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Cablegate: Vietnam Working On U.S. Mfn Duty Issue

This record is a partial extract of the original cable. The full text of the original cable is not available.

UNCLAS HANOI 000889

SIPDIS

SENSITIVE

STATE PLEASE PASS TO USTR EBRYAN
STATE ALSO FOR E, EB AND EAP/BCLTV
USDOC FOR 6500 AND 4431/MAC/AP/OPB/VLC/HPPHO
USDA FOR FAS/ITP/SHEIKH
GENEVA FOR USTR

E.O. 12958: N/A
TAGS: ETRD EAGR ECON VM WTO
SUBJECT: Vietnam Working on U.S. MFN Duty Issue

Sensitive but Unclassified -- Please protect accordingly.

REF: (A) HANOI 696 (B) HANOI 821

1. (SBU) SUMMARY: Econcouns met MOT DG for Multilateral
Affairs Khanh to discuss the MFN duty issue on March 26.
Khanh said he was working to solve this issue, but that some
in the GVN believed that since textiles were excluded from
the BTA, anything in a textile deal with the EU was not
subject to MFN. Econcouns stressed that the textile
exclusion applied to quotas only and urged Khanh to get it
right to avoid losing GVN credibility on WTO accession.
Khanh asked for another week to work on this before the USG
took further action. Khanh agreed to seek to address other
examples of GVN violation of WTO principles. He confirmed
that the GVN was still sticking to the target set in Geneva
for WTO accession, though the Minister was no longer going
to say this publicly for domestic political reasons. END
SUMMARY.

2. (SBU) On March 26, Econcouns met with MOT Director
General for Multilateral Affairs Tran Quoc Khanh to discuss
the GVN's refusal to grant lower tariffs on wine and
motorcycles to the USG despite the fact that the BTA gave
MFN to the U.S. Khanh is the deputy head of the GVN WTO
negotiating team and the de facto chief negotiator.
Econcouns began by expressing concern about the GVN's
refusal to honor its MFN commitment to the U.S. in the BTA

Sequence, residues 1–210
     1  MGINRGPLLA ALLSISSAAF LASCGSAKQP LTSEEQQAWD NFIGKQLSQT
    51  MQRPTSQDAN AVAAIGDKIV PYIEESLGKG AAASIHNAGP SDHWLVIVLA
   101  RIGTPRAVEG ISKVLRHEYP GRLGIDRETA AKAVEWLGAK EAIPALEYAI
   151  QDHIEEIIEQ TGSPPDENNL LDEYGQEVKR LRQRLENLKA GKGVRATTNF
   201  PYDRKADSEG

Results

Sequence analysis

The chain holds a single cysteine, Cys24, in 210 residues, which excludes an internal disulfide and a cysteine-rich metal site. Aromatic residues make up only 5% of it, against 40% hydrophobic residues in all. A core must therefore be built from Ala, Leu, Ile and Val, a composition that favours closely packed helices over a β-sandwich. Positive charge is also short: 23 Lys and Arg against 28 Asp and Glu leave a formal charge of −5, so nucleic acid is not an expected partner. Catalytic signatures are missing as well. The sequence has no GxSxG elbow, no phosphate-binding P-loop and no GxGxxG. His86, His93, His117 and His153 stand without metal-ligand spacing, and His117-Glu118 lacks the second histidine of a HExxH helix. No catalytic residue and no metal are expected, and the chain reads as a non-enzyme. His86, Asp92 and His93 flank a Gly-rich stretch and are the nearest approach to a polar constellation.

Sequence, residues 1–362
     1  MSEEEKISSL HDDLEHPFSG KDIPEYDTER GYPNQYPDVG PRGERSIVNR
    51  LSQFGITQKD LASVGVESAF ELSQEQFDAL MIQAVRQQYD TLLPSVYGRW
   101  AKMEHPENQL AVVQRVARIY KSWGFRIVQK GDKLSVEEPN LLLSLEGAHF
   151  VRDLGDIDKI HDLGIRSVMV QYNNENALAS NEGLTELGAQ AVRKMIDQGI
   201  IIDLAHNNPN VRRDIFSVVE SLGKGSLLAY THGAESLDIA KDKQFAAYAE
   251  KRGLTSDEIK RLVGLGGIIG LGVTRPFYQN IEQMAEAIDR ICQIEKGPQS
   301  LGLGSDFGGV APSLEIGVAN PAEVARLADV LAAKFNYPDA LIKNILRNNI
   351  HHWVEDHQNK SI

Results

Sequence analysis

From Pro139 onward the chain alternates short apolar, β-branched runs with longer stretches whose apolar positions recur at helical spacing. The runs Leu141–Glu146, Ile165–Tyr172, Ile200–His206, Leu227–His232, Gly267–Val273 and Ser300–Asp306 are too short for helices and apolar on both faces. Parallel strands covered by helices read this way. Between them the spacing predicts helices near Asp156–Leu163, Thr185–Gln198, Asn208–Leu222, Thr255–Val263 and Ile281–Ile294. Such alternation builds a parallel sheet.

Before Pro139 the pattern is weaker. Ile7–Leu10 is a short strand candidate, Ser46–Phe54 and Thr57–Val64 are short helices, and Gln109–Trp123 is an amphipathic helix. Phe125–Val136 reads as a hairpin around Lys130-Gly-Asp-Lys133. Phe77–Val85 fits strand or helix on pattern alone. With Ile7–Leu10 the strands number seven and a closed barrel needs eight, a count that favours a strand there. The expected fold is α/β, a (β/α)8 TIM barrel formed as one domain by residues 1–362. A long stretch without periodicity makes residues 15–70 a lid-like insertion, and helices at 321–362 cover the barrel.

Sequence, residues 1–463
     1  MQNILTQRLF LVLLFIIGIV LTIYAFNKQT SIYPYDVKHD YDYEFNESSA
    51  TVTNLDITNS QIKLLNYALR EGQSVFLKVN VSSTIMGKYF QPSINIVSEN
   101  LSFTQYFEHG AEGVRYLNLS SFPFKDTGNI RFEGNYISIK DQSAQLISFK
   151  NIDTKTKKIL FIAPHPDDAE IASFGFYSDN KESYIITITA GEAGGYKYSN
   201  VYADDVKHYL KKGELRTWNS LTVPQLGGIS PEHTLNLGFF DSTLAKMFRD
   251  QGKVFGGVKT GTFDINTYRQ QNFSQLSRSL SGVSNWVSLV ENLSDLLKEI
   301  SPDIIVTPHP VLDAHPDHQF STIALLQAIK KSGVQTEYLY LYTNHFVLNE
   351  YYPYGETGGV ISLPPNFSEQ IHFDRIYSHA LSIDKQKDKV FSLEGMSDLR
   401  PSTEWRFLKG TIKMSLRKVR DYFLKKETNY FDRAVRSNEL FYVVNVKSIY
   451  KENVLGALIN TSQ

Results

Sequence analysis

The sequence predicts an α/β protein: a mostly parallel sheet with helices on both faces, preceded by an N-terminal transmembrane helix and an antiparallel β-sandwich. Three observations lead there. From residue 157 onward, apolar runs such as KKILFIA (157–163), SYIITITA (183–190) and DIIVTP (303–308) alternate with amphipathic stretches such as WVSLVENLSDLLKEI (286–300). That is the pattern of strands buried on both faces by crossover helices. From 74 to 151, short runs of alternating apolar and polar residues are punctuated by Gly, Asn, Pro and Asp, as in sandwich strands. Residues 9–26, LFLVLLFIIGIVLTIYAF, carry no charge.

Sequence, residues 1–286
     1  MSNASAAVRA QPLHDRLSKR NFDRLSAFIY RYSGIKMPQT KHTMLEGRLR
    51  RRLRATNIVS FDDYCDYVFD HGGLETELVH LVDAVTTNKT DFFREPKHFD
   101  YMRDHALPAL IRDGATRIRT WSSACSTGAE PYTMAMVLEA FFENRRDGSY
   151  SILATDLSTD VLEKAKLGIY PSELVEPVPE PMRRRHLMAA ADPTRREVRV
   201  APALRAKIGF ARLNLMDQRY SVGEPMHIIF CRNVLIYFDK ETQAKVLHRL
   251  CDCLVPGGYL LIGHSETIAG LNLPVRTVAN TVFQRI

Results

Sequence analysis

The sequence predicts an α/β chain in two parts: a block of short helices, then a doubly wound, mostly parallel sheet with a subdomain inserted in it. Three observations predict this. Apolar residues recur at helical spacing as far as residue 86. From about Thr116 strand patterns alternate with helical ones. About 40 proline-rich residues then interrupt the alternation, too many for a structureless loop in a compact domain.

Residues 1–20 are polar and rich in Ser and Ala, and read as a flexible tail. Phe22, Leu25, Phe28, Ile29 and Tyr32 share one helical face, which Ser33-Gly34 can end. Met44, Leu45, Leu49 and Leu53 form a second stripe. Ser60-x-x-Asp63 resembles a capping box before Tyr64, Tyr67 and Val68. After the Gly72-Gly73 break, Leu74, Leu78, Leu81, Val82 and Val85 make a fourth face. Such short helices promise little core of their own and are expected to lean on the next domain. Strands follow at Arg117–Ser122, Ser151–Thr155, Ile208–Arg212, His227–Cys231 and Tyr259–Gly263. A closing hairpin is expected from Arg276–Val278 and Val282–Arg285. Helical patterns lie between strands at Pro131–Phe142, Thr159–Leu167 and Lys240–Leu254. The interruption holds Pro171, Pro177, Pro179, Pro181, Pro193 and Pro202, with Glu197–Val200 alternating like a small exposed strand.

in the case of lower tariffs on wine and motorcycles granted
to the EU. Khanh replied by citing a Vietnamese proverb to
the effect that he was being blamed for what others had
done. He explained that some in Vietnam interpreted the
exclusion of textiles from the BTA to refer to both textile
quotas and tariffs. They believed that this would also
apply to the GVN's other bilateral commitments to MFN.

3. (SBU) Econcouns stressed that this exclusion applied
only to quotas, not to tariffs. MFN was simply not
negotiable, he added. Khanh claimed that the EU also had at
least two other textile agreements that covered more than
quotas (Brazil and Sri Lanka). Econcouns stressed the need
for GVN to get the MFN issue straight and get it right to
avoid losing the credibility gained during the December
Working Party Talks in Geneva. Should the GVN fail to do
so, it was very hard to see them making progress on a WTO
accession, he said.

4. (SBU) Khanh asked for another week to try to work on this
issue before the U.S. took further action. He expressed
concern that the Ambassador was raising the issue during his
trip to Washington. Econcouns did not comment on this
remark, but expressed hope Khanh would achieve a positive
result in the coming week.

5. (SBU) Econcouns went on to raise another example of non-
compliance with WTO principles: the GVN requirement that
rice for export to Iraq be sold only to state trading
companies. Professing ignorance, Khanh asked for greater
detail on this and any other issue in this category so that
he could work to correct them. Econcouns agreed to provide
more detailed information.

6. (SBU) Khanh said that he was working hard on the WTO
accession and he hoped the USG and GVN would be able to have
a bilateral in the near future, perhaps around the time of
the BTA joint committee meeting. Econcouns agreed to convey
this to Washington.

7. (SBU) Noting that Trade Minister Tuyen had referred to a
target of 2005 or perhaps 2006 in his meeting the previous
week with the Ambassador and visiting textile negotiators,
Econcouns asked whether the GVN had changed its target date.
Khanh replied that the target was still the one the GVN had
set in December in Geneva, namely completing paperwork by
late 2004 or early 2005 and acceding by spring or summer of
2005. Tuyen's statement had merely been an attempt to be
realistic publicly for domestic political reasons while
still striving for the timing set in Geneva, he said.
PORTER

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